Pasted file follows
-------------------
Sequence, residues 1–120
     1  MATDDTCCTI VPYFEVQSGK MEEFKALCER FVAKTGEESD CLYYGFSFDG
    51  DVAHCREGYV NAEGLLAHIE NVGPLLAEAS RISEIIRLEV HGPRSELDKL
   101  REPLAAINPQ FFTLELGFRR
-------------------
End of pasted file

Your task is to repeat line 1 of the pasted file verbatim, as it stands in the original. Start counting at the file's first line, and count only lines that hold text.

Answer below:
Sequence, residues 1–120